"The U.S. Food and Drug Administration announced today that injectable drugs used in total parenteral nutrition (TPN) in critical shortage will be imported into the United States and available to patients this week.
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- Clinician Information:
Brevital Sodium Patient Information including How Should I Take
In this Article
- What is methohexital (Brevital Sodium)?
- What are the possible side effects of methohexital (Brevital Sodium)?
- What is the most important information I should know about methohexital (Brevital Sodium)?
- What should I discuss with my health care provider before receiving methohexital (Brevital Sodium)?
- How is methohexital given (Brevital Sodium)?
- What happens if I miss a dose (Brevital Sodium)?
- What happens if I overdose (Brevital Sodium)?
- What should I avoid after receiving methohexital (Brevital Sodium)?
- What other drugs will affect methohexital (Brevital Sodium)?
- Where can I get more information?
What should I discuss with my health care provider before receiving methohexital (Brevital Sodium)?
You should not receive this medication if you have porphyria, or if you have ever had any complications from general anesthesia.
Be sure your doctor knows if you are allergic to methohexital or any other barbiturates such as amobarbital (Amytal), butabarbital (Butisol), mephobarbital (Mebaral), secobarbital (Seconal), or phenobarbital (Luminal, Solfoton).
Before receiving methohexital, tell your doctor if you are allergic to any drugs, or if you have:
- epilepsy or other seizure disorder;
- asthma or chronic obstructive pulmonary disease (COPD);
- anemia (lack of red blood cells);
- an endocrine disorder;
- liver disease;
- high or low blood pressure;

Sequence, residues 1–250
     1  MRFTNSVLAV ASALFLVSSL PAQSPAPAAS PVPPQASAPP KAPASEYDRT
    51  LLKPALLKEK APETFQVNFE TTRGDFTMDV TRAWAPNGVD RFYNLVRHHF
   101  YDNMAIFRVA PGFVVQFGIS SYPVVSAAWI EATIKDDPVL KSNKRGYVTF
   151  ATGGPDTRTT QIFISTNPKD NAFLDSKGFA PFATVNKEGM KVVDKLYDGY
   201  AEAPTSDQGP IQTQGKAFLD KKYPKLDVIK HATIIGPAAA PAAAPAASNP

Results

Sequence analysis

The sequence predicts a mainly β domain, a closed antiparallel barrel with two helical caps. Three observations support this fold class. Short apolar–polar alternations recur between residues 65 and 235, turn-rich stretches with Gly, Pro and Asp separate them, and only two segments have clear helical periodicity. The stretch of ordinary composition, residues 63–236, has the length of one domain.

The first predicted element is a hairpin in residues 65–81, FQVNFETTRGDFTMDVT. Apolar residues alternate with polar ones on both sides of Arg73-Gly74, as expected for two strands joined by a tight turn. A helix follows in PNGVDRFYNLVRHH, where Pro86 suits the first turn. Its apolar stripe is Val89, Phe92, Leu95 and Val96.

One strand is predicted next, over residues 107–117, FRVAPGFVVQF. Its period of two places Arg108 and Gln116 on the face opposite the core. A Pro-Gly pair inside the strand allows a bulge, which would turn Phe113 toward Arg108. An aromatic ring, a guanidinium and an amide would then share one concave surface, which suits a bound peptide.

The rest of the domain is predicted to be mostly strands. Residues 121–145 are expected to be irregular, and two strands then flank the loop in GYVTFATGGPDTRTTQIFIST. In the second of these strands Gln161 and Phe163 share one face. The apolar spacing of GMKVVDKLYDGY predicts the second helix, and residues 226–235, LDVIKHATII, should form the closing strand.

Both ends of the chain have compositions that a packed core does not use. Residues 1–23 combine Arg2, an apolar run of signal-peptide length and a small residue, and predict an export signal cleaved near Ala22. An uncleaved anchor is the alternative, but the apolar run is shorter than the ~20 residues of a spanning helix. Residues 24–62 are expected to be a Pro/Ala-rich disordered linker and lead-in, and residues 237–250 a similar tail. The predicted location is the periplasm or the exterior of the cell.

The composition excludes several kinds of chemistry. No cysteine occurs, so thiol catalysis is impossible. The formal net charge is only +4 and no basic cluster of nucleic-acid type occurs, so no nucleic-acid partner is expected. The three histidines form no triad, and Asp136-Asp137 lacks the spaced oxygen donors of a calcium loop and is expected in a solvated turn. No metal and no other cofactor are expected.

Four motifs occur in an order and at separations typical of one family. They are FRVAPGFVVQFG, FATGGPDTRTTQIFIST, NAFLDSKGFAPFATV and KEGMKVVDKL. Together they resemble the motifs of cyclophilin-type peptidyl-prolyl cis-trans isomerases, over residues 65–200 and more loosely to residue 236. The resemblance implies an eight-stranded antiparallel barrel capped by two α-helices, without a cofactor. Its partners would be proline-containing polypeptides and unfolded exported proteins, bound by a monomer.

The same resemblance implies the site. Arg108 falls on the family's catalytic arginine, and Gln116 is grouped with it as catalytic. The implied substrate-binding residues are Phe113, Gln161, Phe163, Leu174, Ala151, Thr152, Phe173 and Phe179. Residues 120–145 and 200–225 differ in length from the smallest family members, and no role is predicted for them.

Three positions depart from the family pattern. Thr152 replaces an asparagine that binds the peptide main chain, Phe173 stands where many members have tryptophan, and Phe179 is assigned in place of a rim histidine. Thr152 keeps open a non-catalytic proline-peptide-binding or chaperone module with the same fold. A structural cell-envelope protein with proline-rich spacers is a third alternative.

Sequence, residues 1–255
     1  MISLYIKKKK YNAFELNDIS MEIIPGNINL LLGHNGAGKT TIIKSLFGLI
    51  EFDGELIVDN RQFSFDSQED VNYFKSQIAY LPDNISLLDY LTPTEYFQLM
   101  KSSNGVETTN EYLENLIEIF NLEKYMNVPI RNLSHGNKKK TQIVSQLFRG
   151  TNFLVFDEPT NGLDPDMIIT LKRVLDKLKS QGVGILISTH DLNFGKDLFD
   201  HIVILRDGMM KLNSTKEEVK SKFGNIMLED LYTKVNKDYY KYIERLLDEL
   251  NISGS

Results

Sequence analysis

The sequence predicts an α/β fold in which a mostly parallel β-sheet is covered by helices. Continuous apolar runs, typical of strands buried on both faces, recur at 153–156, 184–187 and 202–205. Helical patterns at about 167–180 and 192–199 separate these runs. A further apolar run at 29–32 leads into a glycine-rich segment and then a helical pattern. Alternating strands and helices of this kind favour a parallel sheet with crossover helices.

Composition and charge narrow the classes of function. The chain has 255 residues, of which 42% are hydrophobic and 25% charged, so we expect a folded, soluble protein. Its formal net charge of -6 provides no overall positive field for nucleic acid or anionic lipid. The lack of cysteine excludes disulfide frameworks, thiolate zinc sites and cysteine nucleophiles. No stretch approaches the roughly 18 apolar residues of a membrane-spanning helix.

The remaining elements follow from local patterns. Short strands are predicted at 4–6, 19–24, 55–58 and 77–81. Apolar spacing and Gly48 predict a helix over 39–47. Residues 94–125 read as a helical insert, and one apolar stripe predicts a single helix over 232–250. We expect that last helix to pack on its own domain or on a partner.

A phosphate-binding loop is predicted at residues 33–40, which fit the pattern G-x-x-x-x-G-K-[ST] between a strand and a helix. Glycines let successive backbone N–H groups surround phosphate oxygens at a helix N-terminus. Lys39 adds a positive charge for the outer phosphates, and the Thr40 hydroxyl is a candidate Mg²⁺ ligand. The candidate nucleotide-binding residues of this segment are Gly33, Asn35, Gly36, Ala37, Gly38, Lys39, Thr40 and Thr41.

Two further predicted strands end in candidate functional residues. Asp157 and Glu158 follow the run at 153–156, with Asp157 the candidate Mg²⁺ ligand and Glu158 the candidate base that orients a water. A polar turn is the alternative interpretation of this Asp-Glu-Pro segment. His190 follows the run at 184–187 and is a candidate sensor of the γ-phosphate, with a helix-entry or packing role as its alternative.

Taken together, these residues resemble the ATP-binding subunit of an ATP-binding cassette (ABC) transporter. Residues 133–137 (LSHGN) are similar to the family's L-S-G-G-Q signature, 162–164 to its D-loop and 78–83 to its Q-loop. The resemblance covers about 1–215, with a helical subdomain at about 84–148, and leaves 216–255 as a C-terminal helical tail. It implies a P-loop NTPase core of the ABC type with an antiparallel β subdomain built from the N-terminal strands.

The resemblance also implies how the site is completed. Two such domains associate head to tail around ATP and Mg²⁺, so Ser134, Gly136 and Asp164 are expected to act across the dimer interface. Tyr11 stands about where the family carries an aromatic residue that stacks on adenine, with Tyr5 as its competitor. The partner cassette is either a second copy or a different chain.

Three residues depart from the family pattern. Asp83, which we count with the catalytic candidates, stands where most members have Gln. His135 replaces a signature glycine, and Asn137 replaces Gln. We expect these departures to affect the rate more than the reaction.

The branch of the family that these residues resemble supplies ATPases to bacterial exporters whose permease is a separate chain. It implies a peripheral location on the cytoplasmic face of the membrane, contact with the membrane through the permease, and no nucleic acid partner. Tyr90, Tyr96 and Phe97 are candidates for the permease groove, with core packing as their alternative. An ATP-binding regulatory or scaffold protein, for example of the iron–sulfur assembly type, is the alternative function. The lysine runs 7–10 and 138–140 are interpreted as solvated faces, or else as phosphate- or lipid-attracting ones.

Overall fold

- heart disease, congestive heart failure; or
- problems with circulation.
If you have any of these conditions, you may need dose adjustments or special tests during treatment.
FDA pregnancy category B. This medication is not expected to be harmful to an unborn baby. Tell your doctor if you are pregnant or plan to become pregnant during treatment.
Methohexital may pass into breast milk and may harm a nursing baby. Do not use this medication without telling your doctor if you are breast-feeding a baby.
How is methohexital given (Brevital Sodium)?
Methohexital is given as an injection into a muscle or a vein. Your doctor, nurse, or other healthcare provider will give you this injection in a clinic or hospital setting.
Methohexital should make you fall asleep very quickly.
Your breathing, blood pressure, oxygen levels, and other vital signs will be watched closely while you are receiving methohexital. You will also be watched closely while you are coming out of the anesthesia.
Drowsiness may last for several hours. You will need someone to drive you home from after you receive methohexital.
Additional Brevital Sodium Information
Report Problems to the Food and Drug Administration
You are encouraged to report negative side effects of prescription drugs to the FDA. Visit the FDA MedWatch website or call 1-800-FDA-1088.
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